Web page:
Corbijn’s ‘Control’: An intimate portrait of Ian Curtis

Photographer Anton Corbijn may be a first-time feature filmmaker, but he’s uniquely qualified to make Control, a portrait of Ian Curtis, lead singer of the hugely influential but short-lived band Joy Division. Like painter Julian Schnabel, who launched an impressive filmmaking career with a biopic about his onetime peer Jean-Michel Basquiat, Corbijn knew his subject not only firsthand but, having taken some of the group’s early publicity photos, before celebrity overtook him.

As a result, Control is suffused with a degree of sympathy seen in too few screen biographies of musicians — an intimate and character-driven motivation that simply places it in a different genre than Ray or Walk the Line. It cares deeply for a man who was hard to know; it erases more simplistic impressions of an artist whose suicide at age 23 (on the eve of an American tour that surely would have cemented his stardom) made him an eternal enigma.

Speaking of previous impressions: Some artists receive the unlucky blessing of having multiple films made about them that turn out, like the recent Truman Capote movies, to tell us mostly the same things. Ian Curtis is a rare exception. Michael Winterbottom’s 24 Hour Party People — the story of Factory Records, in which Joy Division is key — was interested in color, anecdote, and legend. It’s a hugely entertaining film that makes a fine complement to this somber one. (Party People also lingers on musical and career details that are kept in the background here.)

Photographed in black-and-white — not the decadent splotch familiar from Corbijn’s commercial work, but a more naturalistic palette — the film offers thoughtfully composed but never distracting images. The post-industrial town where Joy Division was born is depicted starkly, with pedestrians framed low against tall grids of vacant office-building windows, but scenes between individuals (particularly between Curtis and the two women in his life) are direct and human.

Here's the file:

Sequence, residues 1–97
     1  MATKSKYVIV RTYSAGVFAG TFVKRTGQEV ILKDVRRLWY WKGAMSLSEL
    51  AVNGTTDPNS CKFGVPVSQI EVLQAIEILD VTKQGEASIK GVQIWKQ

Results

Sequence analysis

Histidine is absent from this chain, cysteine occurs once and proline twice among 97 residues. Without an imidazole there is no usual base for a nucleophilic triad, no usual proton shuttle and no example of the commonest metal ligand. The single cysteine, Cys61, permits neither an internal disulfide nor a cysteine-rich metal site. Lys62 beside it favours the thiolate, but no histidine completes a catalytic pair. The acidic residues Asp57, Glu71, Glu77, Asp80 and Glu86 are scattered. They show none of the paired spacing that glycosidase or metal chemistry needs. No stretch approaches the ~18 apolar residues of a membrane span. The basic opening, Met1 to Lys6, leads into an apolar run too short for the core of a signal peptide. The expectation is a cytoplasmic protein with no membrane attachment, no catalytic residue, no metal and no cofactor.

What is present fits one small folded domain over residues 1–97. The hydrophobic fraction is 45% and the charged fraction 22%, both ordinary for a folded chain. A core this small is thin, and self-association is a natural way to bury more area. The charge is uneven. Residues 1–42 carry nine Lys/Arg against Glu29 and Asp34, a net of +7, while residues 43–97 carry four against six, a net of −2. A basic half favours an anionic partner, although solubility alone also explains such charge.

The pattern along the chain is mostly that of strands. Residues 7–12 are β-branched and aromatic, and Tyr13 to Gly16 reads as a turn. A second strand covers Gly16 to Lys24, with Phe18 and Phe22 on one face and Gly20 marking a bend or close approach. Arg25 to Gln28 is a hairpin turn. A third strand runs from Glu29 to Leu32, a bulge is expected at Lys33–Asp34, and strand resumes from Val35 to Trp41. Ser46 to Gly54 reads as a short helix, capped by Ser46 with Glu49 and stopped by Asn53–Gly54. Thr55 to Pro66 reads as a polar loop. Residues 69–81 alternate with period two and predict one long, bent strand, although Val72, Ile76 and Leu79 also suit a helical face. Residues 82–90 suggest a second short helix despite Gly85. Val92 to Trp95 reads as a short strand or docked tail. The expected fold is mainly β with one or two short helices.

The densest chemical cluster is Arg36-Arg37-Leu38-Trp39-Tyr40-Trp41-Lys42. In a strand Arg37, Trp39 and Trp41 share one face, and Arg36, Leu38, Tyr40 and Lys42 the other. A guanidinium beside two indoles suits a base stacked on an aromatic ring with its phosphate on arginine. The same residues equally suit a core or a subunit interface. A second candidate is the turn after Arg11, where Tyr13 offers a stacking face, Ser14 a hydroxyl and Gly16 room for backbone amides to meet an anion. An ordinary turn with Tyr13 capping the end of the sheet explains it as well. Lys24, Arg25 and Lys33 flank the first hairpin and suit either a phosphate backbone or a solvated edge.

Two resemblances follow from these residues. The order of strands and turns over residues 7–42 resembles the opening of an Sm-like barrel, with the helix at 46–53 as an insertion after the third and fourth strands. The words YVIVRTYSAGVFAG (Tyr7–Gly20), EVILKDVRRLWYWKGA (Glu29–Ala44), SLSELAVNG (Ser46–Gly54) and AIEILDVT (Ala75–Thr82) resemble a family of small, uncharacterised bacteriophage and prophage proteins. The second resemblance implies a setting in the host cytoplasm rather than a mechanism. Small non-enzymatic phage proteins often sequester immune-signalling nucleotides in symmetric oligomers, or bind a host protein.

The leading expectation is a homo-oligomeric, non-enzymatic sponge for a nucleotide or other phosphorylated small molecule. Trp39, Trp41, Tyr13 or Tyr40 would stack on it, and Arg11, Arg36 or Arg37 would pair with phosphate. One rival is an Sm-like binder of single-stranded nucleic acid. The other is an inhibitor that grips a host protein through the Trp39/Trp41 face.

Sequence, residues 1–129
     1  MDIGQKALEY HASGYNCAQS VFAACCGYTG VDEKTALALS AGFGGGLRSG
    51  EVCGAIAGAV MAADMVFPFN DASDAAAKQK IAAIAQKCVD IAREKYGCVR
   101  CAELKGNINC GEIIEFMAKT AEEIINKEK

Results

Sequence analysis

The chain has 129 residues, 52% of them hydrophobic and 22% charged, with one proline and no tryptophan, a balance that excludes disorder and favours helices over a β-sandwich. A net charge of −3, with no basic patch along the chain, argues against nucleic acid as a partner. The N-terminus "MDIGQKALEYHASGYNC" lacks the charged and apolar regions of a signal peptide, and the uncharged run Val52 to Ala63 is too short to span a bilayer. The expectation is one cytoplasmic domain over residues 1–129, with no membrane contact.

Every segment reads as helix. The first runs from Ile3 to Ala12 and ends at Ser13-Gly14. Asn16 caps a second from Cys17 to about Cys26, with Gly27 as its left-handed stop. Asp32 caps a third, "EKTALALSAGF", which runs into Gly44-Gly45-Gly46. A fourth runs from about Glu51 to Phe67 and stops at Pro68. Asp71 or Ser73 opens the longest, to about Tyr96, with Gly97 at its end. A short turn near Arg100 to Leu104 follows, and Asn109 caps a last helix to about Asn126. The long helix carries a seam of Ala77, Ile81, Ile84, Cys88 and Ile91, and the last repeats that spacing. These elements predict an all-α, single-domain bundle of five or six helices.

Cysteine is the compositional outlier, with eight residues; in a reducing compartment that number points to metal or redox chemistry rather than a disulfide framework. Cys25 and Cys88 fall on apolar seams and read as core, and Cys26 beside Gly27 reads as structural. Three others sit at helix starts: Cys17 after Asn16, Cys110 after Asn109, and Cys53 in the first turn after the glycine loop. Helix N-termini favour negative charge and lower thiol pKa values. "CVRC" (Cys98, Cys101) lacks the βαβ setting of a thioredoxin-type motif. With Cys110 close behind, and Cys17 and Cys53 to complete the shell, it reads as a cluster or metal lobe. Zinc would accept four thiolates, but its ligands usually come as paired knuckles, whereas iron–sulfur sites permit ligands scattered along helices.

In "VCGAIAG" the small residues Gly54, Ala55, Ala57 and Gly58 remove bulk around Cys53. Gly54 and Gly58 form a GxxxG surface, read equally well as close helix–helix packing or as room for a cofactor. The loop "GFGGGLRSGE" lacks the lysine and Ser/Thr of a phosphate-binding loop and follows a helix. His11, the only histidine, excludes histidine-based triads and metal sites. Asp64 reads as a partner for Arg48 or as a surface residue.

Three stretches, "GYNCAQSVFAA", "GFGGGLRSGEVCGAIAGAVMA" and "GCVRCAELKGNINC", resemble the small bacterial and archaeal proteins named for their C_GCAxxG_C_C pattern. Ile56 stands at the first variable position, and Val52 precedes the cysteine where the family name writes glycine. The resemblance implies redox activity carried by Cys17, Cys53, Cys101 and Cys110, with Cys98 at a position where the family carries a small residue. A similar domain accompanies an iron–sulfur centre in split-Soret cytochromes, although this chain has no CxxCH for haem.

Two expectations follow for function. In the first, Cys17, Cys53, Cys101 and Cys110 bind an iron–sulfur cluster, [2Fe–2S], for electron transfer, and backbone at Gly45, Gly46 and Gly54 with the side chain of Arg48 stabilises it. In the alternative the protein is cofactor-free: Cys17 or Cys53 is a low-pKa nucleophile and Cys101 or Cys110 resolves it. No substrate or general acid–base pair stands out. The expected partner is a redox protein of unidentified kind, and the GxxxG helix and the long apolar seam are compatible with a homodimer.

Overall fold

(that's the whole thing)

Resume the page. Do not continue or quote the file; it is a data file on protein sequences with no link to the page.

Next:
We meet Curtis as a teen listening to Aladdin Sane in his bedroom while experimenting with eye shadow and his sister’s fur coat. He steals his best friend’s girl and marries her quickly; he makes peace with the middle class by taking a job at the employment office, helping the out-of-luck find work.

Then he sees the Sex Pistols and joins a band. The movie isn’t hugely concerned with that band’s lore, but it is fascinated, rightly, with the sight of them onstage: As Curtis, Sam Riley gives a physically remarkable performance, inhabiting the herky-jerk dance movements that some observers described as “possessed.”

Riley succeeds on the personal level as well, digging into the character as he falls in love with another woman, setting Curtis on what seems here to be a nearly inevitable course toward self-destruction. The story’s end is wrenching and sad, but it’s told with respect and tenderness.

Dir. Anton Corbijn; writ. Deborah Curtis (book),
Matt Greenhalgh; feat. Sam Riley, Samantha Morton, Alexandra Maria Lara, Joe Anderson, Toby Cabell,
Craig Parkinson, James Anthony Pearson (R)